Environmental aesthetics, or the visual appeal of geography and architecture, make up an important part of why we like to travel. On Lake Atitlan, the natural enchantment is amplified by a boat ride which affords views of a string of startling private homes, architectural works of mystical art. In this article I explore why the brain regards some visual scenes as ‘beautiful’.
Lake Atitlan came into being some 1.8 million years ago, when a volcanic eruption known as “Los Chocoyos” ejected up to 300 cubic kilometers of earth, forming the caldera, the large cauldron-shaped depression that forms following the evacuation of a magma chamber. Today, Lake Atitlan is 340 meters deep in some parts, surrounded by a ring of cone-peaked volcanos and its shores, strewn with numerous archeological sites and ruins of long-gone Mayan societies, speak of the important spiritual significance that these early communities attached to this mythical spot.
They say that on Lake Atitlan these geological anomalies give the place sacred vibrations and I believe it for no other reason than because we were especially happy here. “Relaxed” here took on new meaning, not because we were exceptionally inert, absorbed by the lustrous vistas, but for quite the opposite reason. Our time in San Marcos, a small, hippie, yoga-pursuing village on the Eastern slopes of the lake, was remarkably productive, and that is not what comes to mind when one thinks of being “relaxed”. I worked hard preparing my research reports for publication and trying to decipher Bayesian brain theory, Mischa did tutorials on Abbleton software and produced music. We worked and pondered and read and cooked and drank and took many moments for soaking in the awe-inspiring surroundings and everything seemed in a fine balance. There have been many moments during the earlier parts of the trip where things have felt in disequilibrium, so our time on the Lake was special.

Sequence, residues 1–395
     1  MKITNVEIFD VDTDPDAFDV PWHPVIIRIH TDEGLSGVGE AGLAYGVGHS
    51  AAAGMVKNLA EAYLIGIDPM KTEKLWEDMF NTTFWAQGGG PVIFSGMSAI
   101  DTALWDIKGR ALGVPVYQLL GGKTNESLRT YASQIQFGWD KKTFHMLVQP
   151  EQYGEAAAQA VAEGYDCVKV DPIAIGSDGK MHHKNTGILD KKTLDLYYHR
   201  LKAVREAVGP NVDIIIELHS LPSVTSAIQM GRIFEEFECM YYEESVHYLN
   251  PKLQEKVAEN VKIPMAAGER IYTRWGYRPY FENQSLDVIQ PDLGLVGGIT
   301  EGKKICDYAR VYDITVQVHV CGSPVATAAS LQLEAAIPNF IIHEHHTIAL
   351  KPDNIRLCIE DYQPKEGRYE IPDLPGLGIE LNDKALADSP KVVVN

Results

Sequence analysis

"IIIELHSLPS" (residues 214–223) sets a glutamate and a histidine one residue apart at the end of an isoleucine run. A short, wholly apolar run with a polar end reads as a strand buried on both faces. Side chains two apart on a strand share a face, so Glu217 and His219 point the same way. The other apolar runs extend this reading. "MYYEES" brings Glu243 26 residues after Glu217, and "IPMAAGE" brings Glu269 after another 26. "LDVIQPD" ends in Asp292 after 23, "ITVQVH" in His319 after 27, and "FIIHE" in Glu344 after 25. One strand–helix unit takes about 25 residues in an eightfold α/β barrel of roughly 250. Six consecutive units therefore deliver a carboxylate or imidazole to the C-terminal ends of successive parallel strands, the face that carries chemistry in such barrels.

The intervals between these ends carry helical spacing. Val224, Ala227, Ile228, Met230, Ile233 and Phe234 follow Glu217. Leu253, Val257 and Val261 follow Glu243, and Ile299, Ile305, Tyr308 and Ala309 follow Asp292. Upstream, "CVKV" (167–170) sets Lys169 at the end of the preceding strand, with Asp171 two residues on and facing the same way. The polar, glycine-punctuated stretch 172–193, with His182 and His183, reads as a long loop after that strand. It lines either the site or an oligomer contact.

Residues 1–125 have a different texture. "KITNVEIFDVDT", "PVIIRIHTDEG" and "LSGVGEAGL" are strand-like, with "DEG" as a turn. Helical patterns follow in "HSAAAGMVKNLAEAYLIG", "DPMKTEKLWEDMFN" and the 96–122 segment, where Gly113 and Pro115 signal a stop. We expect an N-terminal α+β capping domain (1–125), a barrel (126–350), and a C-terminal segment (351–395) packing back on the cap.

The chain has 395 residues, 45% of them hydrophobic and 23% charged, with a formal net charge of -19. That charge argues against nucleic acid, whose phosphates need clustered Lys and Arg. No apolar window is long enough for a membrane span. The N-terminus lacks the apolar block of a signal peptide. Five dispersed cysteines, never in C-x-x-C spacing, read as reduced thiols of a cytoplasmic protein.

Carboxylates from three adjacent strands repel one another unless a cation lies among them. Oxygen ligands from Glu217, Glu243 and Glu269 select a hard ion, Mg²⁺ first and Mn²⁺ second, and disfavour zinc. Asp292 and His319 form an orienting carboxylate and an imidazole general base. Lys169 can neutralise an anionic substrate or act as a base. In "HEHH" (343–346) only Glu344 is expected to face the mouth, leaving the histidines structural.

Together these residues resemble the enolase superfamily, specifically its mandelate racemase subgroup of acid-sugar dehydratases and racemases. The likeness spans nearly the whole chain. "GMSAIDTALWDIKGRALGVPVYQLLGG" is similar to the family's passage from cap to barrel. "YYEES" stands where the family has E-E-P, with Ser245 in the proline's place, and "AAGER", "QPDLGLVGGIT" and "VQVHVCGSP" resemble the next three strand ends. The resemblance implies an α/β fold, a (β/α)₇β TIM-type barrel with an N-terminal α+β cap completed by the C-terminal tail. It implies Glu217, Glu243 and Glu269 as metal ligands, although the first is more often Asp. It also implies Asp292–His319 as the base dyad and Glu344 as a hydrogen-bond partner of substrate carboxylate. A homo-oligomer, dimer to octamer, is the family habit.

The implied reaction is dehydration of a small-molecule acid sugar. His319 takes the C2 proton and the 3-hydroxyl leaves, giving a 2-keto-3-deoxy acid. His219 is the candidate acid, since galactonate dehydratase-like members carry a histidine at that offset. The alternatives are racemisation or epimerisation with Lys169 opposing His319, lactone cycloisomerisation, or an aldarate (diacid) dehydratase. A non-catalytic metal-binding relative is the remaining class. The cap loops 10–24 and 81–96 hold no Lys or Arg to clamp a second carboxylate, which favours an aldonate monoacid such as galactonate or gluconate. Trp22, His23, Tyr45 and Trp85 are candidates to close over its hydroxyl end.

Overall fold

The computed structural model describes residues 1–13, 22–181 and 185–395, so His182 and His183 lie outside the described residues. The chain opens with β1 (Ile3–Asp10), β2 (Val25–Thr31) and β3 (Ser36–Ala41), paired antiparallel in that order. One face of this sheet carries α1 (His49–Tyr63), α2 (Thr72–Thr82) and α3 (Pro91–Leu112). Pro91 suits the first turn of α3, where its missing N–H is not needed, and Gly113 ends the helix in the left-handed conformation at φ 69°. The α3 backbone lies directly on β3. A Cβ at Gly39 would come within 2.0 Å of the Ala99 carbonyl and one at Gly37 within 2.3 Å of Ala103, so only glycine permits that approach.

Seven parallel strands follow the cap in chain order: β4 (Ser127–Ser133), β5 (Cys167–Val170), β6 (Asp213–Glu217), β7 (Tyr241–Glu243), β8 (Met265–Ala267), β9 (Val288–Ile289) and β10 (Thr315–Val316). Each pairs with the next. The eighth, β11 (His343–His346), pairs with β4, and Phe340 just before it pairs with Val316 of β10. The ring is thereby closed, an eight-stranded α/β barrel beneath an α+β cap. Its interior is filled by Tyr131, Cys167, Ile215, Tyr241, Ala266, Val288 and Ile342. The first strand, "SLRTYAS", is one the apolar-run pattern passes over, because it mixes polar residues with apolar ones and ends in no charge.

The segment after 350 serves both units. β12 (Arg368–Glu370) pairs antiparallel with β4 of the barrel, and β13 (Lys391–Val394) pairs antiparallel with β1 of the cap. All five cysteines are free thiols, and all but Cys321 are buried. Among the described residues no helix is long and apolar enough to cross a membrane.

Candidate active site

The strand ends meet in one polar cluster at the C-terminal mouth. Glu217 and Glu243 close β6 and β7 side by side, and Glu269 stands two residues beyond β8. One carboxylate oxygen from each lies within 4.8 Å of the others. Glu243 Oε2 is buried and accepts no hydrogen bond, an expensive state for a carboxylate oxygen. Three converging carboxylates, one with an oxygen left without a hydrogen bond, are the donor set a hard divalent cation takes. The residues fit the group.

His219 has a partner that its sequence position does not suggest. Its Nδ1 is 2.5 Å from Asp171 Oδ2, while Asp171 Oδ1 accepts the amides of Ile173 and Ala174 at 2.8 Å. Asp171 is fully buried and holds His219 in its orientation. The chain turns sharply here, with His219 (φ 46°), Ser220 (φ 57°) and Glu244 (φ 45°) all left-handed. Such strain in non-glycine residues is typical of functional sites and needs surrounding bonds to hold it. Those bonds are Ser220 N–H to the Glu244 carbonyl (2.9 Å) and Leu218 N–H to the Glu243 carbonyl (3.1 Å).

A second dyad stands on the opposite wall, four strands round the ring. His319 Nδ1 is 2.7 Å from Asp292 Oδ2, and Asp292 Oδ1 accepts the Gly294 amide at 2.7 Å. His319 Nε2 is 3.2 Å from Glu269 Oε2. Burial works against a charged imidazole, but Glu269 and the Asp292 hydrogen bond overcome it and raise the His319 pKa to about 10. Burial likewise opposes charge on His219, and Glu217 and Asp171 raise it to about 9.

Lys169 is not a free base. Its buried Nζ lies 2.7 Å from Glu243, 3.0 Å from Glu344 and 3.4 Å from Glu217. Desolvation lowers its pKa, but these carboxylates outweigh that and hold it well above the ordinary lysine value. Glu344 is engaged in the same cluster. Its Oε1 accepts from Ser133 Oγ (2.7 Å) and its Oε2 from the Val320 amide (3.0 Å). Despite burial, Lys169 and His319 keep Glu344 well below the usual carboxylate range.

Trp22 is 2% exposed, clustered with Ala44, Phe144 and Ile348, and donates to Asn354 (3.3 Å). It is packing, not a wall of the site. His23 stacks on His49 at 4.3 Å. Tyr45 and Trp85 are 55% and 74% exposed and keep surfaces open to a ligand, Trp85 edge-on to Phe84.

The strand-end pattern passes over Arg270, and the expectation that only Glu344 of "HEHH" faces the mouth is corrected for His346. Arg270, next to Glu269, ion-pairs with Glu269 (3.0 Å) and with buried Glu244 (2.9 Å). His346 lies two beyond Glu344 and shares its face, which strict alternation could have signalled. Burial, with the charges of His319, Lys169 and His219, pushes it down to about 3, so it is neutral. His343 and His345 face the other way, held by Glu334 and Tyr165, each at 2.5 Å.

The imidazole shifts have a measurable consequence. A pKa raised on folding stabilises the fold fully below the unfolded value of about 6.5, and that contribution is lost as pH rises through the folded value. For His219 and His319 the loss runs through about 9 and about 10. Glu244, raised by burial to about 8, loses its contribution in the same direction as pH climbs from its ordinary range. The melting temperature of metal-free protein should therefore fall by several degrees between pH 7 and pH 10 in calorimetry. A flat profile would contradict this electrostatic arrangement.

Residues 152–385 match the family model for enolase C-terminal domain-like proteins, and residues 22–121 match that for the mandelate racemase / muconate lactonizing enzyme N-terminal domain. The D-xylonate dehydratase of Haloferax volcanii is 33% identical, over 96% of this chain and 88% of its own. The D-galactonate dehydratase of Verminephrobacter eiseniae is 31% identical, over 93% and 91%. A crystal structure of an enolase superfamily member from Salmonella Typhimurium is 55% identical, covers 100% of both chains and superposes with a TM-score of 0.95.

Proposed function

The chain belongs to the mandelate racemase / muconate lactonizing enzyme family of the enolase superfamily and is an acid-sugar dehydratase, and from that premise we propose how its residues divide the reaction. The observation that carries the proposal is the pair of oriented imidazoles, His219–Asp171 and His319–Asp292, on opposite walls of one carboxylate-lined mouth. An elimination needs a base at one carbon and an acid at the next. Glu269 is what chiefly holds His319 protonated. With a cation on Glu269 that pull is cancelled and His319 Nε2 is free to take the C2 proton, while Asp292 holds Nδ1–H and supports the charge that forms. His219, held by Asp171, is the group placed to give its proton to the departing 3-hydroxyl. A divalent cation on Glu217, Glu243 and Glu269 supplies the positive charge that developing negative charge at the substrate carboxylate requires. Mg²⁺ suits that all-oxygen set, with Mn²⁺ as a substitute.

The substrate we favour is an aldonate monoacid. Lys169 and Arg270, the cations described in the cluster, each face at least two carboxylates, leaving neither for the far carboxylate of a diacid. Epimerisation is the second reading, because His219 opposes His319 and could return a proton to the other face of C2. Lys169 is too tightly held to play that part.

Some consider Lake Atitlan to be one of the most beautiful regions in the world. One such thinker was Aldous Huxley, author of the classic, Brave New World. Huxley wrote, “Lake Como, it seems to me, touches on the limit of permissibly picturesque, but Atitlán is Como with additional embellishments of several immense volcanoes. It really is too much of a good thing.”
He was, of course, referring to the dramatic natural splendor, but in modern times, the lake’s enchantment is amplified by a boat ride which affords views of a string of startling private homes, architectural works of mystical art, perched on the steep slopes above the water’s edge. The spectacle was so mesmerizing it inspired the topic of this article. Which is, as the title explains, the neuroscience of visual aesthetics.